The project team has said the hotel will stand about 80 feet above base flood elevation, although CG zoning allows for a structure to be only 35 feet above base flood elevation. (The latter phrase refers to a Federal Emergency Management Agency [FEMA)] regulation regarding construction in a flood zone.) The team is seeking a Special Exception from the County Commission for the extra height.

A related note pointed out that the required setback of the hotel from Peacock Road — which is planned to be the eastern border of the site — is 42.5 feet,” unless the project team demonstrates otherwise and wins Special Exception approval for a different figure.

In response to a SNL inquiry, Planning and Development Services Department staff wrote in an email: “This letter was generated from the 12/8 deadline for staff comments regarding staff’s review for completeness.”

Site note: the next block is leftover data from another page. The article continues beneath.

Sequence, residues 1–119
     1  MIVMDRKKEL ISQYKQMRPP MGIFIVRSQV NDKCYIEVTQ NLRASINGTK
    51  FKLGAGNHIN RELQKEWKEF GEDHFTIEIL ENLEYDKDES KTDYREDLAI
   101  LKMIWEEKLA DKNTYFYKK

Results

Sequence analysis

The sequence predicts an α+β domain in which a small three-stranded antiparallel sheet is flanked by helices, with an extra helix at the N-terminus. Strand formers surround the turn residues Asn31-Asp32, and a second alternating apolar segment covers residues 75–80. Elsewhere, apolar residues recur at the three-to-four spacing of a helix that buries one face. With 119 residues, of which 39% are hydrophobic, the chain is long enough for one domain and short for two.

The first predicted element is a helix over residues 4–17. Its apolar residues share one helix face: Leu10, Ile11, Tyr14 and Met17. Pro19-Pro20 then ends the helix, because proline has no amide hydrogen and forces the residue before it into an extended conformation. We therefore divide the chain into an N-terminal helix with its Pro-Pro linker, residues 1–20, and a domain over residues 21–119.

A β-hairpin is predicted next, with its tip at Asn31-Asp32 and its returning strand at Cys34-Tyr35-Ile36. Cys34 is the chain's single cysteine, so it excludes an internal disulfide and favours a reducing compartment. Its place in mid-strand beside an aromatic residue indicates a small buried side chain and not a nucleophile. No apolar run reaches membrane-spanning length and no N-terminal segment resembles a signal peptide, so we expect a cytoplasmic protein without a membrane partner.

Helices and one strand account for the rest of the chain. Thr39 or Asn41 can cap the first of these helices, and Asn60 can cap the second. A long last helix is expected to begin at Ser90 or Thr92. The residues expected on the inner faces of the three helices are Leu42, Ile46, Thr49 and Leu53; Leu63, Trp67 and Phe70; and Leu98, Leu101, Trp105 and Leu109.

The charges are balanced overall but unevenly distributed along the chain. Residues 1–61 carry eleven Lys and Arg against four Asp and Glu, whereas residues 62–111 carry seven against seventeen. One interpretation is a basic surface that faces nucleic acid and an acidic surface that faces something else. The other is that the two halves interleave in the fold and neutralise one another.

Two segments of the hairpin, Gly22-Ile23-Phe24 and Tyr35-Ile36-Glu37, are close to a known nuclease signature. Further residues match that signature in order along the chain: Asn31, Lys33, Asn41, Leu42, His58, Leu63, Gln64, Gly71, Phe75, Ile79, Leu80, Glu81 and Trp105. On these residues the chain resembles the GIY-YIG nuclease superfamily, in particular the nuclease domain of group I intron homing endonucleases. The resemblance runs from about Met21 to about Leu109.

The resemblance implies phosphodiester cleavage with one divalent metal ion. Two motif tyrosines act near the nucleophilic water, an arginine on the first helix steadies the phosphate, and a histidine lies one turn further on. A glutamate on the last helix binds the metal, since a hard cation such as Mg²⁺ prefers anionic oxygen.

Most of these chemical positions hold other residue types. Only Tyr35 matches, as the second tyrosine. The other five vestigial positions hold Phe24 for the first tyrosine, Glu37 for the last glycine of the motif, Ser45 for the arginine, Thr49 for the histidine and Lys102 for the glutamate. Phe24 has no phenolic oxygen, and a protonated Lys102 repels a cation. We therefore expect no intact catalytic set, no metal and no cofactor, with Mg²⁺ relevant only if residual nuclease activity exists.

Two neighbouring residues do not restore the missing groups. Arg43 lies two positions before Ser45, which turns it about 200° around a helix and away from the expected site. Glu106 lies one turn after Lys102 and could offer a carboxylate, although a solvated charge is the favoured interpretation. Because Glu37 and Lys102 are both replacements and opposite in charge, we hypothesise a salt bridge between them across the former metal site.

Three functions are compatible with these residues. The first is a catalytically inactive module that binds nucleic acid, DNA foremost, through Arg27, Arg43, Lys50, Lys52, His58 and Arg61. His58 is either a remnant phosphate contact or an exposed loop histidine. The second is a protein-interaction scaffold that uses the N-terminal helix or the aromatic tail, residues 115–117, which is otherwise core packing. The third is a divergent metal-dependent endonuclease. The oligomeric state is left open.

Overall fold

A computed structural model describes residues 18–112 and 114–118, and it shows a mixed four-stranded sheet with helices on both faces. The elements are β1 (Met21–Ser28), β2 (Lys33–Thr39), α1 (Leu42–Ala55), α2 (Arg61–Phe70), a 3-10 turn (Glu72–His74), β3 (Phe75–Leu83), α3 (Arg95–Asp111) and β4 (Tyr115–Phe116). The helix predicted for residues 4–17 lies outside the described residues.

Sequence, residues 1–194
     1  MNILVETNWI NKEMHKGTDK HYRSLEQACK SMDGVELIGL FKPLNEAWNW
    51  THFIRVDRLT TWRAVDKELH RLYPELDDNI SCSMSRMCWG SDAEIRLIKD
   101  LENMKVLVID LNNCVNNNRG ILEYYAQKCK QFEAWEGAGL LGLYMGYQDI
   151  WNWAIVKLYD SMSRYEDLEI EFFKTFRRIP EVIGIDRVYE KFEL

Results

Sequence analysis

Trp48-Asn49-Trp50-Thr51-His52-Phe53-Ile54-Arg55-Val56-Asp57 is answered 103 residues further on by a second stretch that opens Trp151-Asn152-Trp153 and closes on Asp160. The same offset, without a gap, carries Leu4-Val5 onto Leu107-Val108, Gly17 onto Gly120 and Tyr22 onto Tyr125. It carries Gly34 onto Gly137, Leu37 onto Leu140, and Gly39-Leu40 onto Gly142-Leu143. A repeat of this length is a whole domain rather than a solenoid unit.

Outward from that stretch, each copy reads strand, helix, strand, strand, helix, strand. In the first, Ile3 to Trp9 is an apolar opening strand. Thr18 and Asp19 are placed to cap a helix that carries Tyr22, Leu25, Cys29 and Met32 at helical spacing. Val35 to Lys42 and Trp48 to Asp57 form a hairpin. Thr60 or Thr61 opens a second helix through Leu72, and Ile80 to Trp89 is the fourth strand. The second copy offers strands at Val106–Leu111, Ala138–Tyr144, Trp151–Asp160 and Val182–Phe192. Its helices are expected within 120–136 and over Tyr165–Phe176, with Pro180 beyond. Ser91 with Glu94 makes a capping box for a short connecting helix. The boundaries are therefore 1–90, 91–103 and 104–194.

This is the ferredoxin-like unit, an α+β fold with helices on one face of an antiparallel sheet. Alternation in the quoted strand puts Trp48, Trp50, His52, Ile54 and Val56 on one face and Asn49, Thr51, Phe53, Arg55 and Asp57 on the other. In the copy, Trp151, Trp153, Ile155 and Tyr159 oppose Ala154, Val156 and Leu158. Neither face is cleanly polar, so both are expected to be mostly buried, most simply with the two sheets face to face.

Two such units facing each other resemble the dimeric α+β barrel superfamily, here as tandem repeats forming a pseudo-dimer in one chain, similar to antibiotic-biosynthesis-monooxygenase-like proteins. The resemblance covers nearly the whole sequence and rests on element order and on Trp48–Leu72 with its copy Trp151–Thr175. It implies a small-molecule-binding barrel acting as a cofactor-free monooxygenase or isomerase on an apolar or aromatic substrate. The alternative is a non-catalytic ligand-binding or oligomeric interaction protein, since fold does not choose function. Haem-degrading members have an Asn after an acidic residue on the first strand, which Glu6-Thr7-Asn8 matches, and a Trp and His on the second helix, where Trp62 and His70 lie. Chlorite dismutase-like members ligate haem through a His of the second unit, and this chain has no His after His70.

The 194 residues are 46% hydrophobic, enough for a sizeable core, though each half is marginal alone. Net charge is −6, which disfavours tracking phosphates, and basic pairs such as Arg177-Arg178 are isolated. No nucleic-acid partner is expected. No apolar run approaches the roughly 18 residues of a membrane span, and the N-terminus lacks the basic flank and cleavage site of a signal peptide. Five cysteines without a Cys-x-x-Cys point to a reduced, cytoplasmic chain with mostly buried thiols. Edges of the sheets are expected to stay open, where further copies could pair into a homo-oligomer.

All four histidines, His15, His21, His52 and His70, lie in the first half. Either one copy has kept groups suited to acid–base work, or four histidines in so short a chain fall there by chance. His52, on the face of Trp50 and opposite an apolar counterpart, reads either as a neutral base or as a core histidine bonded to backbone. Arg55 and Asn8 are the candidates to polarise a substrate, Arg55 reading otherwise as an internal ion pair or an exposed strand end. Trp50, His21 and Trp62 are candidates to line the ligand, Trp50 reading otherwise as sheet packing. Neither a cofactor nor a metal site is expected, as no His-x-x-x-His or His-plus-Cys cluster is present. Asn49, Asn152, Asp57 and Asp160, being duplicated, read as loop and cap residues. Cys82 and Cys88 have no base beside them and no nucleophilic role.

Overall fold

When Siesta resident Janet Emanuel asked about the letter during the December 15th workshop, Robert “Bo” Medred of Genesis Planning & Development in Bradenton, told her that the project team “just received these comments on [December 11th, 2020], so we’re in the process of having our consultants go through [the comments].”

Attorney Bailey III also pointed out, “Sometimes you have multiple rounds of sufficiency reviews.” The team members will address county staff members’ comments as the county review proceeds, Bailey added. Often, he continued, a project team is required to provide clarifications and confirmation of specific points. “We’re not disregarding it or discounting its importance,” Bailey explained in reference to the letter. Still, he added, “It’s not unusual to get a whole slew of comments.”

Later, Bailey told Emanuel, “We’re not able [during the workshop] to walk through every provision of the [county Comprehensive] Plan and the [County] Code.”

“So what have you been doing since May?!” Emanuel responded.

She did not get an answer.

During an informal Neighborhood Workshop conducted about the projects on December 2nd, Medred explained that, typically, it takes a year from the time a formal application is submitted to county staff until construction can begin. In fact, he pointed out, an 18-month-long timeline would be more likely.